The president of the German bishops’ conference, Cardinal Reinhard Marx, has appealed to Muslim leaders publicly to condemn Islamic terror in Iraq and to declare that violence in the name of God is never justified.
“I know the Islamic State (IS) is not Islam, but I hear too little about Shia and Sunni leaders getting together and publicly, but also forcefully, stating that there must never be violence in the name of God, never be murder in the name of God and never be suppression in the name of God,” Cardinal Marx said in a statement published on the German bishops’ conference’s homepage. He appealed to Muslim leaders to “set a sign of peace”.
Christians and other religious minorities were in such a terrible situation in Iraq at the moment that it was only right and proper “to rescue them with all the means at one’s disposal”, Cardinal Marx underlined. “Rescuing people whose lives are threatened and who are in a state of angst is not only permissible but called for”, he insisted and called on Germans to give generously to the charities concerned.
IS is “cruel and inhuman”, Cardinal Rainer Maria Woelki of Berlin said in a message read out in St Hedwig’s Cathedral in Berlin on 17 August. “Belief in God and hatred do not go together.” He called on the German Government to “intensify its advocacy of human rights, religious freedom and the protection of minorities in Iraq and Syria”.
The leader of the Greek-Orthodox Church in Austria, Metropolitan Arsenios (Kardamakis), accused the Western world of inaction and indifference to “the terrible persecution that Christians worldwide are having to face”. “It hurts to see the ‘civilised world’ failing to react when children are suffering and dying ... such a civilisation gives us no hope and makes us sad,” he said.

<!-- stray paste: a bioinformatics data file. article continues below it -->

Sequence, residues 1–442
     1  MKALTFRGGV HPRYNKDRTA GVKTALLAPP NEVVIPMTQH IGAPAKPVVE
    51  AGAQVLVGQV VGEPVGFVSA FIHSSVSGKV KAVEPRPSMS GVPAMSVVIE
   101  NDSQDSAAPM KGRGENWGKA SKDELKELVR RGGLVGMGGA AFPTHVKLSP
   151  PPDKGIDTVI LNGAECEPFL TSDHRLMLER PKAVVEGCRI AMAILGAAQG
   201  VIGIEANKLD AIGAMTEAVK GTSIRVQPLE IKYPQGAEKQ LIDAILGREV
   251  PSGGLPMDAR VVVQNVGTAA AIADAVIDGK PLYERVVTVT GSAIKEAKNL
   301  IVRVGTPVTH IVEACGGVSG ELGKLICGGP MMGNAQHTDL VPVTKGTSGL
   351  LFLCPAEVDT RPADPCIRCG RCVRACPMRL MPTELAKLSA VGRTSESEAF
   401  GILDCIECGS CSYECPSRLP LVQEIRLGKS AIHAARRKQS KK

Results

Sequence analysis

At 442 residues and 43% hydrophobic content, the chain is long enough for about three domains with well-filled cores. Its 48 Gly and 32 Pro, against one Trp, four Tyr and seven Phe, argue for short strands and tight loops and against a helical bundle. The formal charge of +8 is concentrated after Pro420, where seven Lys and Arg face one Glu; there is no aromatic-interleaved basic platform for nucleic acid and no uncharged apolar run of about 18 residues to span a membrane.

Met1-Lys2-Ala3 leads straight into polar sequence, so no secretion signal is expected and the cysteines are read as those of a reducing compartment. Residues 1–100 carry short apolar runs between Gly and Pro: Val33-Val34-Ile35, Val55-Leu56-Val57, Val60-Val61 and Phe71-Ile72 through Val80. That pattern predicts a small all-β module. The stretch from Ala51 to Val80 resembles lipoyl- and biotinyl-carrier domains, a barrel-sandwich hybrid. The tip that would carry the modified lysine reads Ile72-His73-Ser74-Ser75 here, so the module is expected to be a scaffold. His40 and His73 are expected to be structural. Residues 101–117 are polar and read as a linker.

Meanwhile the Archbishop of Canterbury said last week that attacks on minorities in northern Iraq, including Christians, were "off the scale of human terror we've seen in recent years" and called for evidence to be gathered for future war crimes prosecutions.
Archbishop Justin Welby, on a one-day visit to Australia for the inauguration of Melbourne's Archbishop Philip Freier as Anglican Primate of Australia on 13 August, said ever since the “war to end all wars” ended in 1918, humankind had been saying “never again”, then wrung its hands "as genocide unfolds in some distant corner".